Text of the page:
[Audacity-nyquist] convolve in Nyquist From: Roger Dannenberg - 2009-06-21 01:10:56 ```Here's an example using CONVOLVE. I'll put this in nyquist/demos/convolve.lsp for future reference. -Roger ;; simple convolution example ;; Roger B. Dannenberg, 2009 ;; convolve a simple response with a train of impulses. ;; each impulse should turn into a copy of the simple response ;; shifted by the time of the impulse ;; for the response, I'll use a few cycles of a sine tone with a ;; smoothing window (defun response (dur freq) (mult (stretch dur (hzosc freq)) (stretch dur (raised-cosine)))) ;; from fft_tutorial.html (defun raised-cosine () (scale 0.5 (sum (const 1) (lfo (/ 1.0 (get-duration 1)) 1 *sine-table* 270)))) ;; for the signal, create some impulses (defun impulse (dur) ;; to make an impulse, make a const signal with a duration of one sample ;; const runs at the control rate by default so run in an environment ;; where the control rate is set to the current sound sample rate (seq (control-srate-abs *sound-srate* (const 1.0 (/ 0.9 *sound-srate*))) (s-rest (- dur (/ 0.9 *sound-srate*))))) (defun my-signal () (seq (impulse 0.003) (impulse 0.005) (impulse 0.003))) ;; plot the result (s-plot (convolve (my-signal) (response 0.002 2000.0)) 600 0.02) ```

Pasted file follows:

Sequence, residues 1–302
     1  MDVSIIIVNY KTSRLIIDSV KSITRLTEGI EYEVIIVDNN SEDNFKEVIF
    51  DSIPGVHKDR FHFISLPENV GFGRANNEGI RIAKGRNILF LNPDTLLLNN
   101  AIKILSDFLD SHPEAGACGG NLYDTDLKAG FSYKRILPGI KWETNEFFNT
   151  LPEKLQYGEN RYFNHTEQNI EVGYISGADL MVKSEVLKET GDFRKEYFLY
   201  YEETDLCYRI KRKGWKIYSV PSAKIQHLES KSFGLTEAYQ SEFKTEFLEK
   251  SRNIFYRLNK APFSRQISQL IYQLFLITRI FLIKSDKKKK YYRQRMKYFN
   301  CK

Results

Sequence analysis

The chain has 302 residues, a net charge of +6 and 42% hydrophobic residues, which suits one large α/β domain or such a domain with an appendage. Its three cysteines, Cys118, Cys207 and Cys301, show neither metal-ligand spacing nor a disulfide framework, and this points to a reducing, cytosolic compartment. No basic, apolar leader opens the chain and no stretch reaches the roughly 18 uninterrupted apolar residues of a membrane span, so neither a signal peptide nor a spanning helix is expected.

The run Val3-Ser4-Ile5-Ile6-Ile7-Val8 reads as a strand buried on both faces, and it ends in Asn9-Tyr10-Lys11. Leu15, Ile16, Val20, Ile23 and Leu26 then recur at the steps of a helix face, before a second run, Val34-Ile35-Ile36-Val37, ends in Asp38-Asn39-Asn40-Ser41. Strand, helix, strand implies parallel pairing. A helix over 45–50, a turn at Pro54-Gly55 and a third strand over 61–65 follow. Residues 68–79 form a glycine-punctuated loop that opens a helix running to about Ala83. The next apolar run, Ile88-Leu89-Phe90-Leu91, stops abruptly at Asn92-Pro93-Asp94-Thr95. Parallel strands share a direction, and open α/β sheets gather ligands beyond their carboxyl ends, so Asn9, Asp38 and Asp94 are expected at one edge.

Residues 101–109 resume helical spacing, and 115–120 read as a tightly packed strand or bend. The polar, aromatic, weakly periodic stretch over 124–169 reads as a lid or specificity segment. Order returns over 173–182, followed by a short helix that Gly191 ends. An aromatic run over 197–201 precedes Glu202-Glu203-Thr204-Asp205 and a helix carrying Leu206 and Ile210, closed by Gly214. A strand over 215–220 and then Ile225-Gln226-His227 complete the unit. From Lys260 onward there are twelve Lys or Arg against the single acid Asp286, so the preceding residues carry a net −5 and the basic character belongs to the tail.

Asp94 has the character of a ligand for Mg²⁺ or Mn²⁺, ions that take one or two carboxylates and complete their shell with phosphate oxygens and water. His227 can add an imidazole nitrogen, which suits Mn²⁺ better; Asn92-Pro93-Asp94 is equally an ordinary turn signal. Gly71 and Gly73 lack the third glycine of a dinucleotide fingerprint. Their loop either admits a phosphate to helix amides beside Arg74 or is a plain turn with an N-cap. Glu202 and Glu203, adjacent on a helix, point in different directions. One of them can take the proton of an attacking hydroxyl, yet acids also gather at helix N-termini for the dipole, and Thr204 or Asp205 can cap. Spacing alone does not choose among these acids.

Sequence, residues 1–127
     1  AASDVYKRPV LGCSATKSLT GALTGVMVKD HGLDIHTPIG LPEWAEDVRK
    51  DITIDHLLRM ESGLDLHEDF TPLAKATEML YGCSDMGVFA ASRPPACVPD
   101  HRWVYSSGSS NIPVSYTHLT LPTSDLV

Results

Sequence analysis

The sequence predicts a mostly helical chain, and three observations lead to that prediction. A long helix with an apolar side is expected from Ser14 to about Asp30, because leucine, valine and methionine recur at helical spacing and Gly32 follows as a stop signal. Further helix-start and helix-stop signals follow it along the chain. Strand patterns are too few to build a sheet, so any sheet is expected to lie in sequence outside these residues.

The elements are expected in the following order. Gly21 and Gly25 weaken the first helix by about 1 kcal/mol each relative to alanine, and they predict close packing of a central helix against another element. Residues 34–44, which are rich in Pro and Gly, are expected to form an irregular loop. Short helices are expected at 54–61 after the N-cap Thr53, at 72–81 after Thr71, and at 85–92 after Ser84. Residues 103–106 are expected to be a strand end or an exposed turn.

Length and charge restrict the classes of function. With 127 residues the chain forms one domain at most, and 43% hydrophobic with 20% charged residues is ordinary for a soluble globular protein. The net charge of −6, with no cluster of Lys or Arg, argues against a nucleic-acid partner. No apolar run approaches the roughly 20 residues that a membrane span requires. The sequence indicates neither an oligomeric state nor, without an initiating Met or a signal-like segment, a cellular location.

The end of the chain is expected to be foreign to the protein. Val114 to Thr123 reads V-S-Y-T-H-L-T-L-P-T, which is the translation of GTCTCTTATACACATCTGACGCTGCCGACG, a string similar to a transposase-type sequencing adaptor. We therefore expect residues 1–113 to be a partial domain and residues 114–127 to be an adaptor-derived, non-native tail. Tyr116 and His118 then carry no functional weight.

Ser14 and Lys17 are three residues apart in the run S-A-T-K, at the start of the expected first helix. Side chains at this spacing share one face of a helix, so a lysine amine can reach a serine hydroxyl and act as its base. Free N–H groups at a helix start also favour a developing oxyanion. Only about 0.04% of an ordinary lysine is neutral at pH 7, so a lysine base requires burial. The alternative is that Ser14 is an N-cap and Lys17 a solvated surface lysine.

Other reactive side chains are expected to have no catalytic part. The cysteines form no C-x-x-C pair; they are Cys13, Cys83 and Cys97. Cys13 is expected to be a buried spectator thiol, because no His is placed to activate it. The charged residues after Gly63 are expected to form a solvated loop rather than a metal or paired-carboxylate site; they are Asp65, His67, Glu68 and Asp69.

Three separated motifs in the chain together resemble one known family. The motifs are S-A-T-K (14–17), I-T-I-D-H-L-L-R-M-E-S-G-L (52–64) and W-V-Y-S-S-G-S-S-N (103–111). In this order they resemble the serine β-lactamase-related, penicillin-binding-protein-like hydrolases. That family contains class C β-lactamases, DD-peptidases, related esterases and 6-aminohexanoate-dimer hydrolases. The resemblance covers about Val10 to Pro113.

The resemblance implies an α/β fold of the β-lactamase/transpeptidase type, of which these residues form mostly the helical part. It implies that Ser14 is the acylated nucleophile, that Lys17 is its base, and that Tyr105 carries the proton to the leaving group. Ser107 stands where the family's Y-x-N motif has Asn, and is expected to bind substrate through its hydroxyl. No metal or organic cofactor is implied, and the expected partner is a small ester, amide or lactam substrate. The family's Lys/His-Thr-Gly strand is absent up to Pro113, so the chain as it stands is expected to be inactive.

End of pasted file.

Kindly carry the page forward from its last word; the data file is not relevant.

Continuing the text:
Re: [Audacity-nyquist] INTRODUCTION TO DIGITAL FILTERS--Help with individual signal ... From: - 2009-06-20 17:53:18 Attachments: Message as HTML ``` Hi Roger, First, thank you for the tips. The documentation in Nyquists functions for CONVOLVE is sparse. I'll need to research this one a bit more. I was going to approach things by sample indexes where I changed the sound s to an array using SND-FETCH or SND-FETCH-ARRAY and proceed with f(i). But I do see that your suggestion maybe easier. When using convolve with a signal-of-f(i) and s, since f(i) is short (15 samples) then does f(i) have to be repeat over and over (at s's sampling rate) in the creation of the signal-of-f(i) to make it the same length as the sound signal s?? I was wondering about boundary conditions. I thought I would create the new signal from however many 15 sample "windows" I got from the original signal. This shortens the new signal. Your zero-padding suggestion does not shorten the new signal. Is zero-padding what's used in Nyquist's function to calculate RMS values of some signal and is this a "standard" approach found other places? ? Also, any suggestion on a good (easy to understand) Lisp tutorial. Have a good day. Mark. -----Original Message----- From: paul beach To: Discussion of developing Nyquist plug-ins for Audacity Sent: Sat, Jun 20, 2009 7:58 am Subject: [Audacity-nyquist] INTRODUCTION TO DIGITAL FILTERS--Help with individual signal ... http://ccrma.stanford.edu/~jos/filters/ INTRODUCTION TO DIGITAL FILTERS WITH AUDIO APPLICATIONS JULIUS O. SMITH III Center for Computer Research in Music and Acoustics (CCRMA) Department of Music, Stanford University, Stanford, California 94305 USA On Sat, 20 Jun 2009 10:13:10 -0400, "Roger Dannenberg" said: > Here's a high-level view and answer: > > What you are computing is called convolution. Convolution is a common > way to implement an FIR filter. In Nyquist, convolution by a short > signal like f(i) is implemented efficiently by CONVOLVE. You can > construct a signal like f(i) using SND-FROM-ARRAY, and you can construct > an array by allocating a new one using MAKE-ARRAY and filling in the > values with SETF, or you can call VECTOR to create and initialize an > array from arguments. Nyquist signals are indexed by non-negative time, > not by integers, so you will have to map your problem to the time domain > and think about boundary conditions -- you didn't say what is the origin > (initial index) of the input or output signals. You might have to pad > with zeros or remove some result samples to get the result you want. > When you construct a signal to represent f(i), give it the same sample > rate as s(j). > > -Roger > > mszlazak@... wrote: > > I posted something similar on an Audacity forum but was referred to > > Appendix 1 on extending Nyquist with C programming. > > Since programming is a hobby and I don't know C or Lisp I thought a > > Nyquist-Lisp type solution might be easier but I'm not sure. > > Here is what I need. > > > > Say f(i) is a function of sampling index i and f(i) is fully defined > > on just 15 index values. > > > > Specifically, f(i) = 27/16(i^3 + 2i^2 + i) for i = -7 to 7. > > Now, there is some sound signal s(j) where j is it's sampling index. > > I wanted to form a new sound signal n(j) by summing the multiplied > > pairs f(i)s(j+i) for i = -7 to +7 for each possible j. > > > > f(-7)s(j-7) > > f(-6)s(j-6) > > f(-5)s(j-5) > > ... > > f(6)s(j+6) > > f(7)s(j+7) > > -------------- > > SUM the above to give a single value of n at some value of index j. > > -------------- > > Furthermore, I want to do this across all possible values of j for > > signal s to form the new signal n. > > Nyquist has some filter functions but none are cubic and I don't see a > > way to specify ones own filter function that would do what I want. > > How do you set this thing up? > > > > Thanks. > > > > ------------------------------------------------------------------------ > > Make your summer sizzle with fast and easy recipes > > ; for the grill. > > ------------------------------------------------------------------------ > > > > ------------------------------------------------------------------------------ > > Are you an open source citizen? Join us for the Open Source Bridge conference! > > Portland, OR, June 17-19. Two days of sessions, one day of unconference: \$250. > > Need another reason to go? 24-hour hacker lounge. Register today! > > http://ad.doubleclick.net/clk;215844324;13503038;v?http://opensourcebridge.org > > ------------------------------------------------------------------------ > > > > _______________________________________________ > > Audacity-nyquist mailing list > > Audacity-nyquist@... > > https://lists.sourceforge.net/lists/listinfo/audacity-nyquist > > -- paul beach sniffyraven@... ------------------------------------------------------------------------------ Are you an open source citizen? Join us for the Open Source Bridge conference! Portland, OR, June 17-19. Two days of sessions, one day of unconference: \$250. Need another reason to go? 24-hour hacker lounge. Register today! http://ad.doubleclick.net/clk;215844324;13503038;v?http://opensourcebridge.org _______________________________________________ Audacity-nyquist mailing list Audacity-nyquist@... https://lists.sourceforge.net/lists/listinfo/audacity-nyquist ```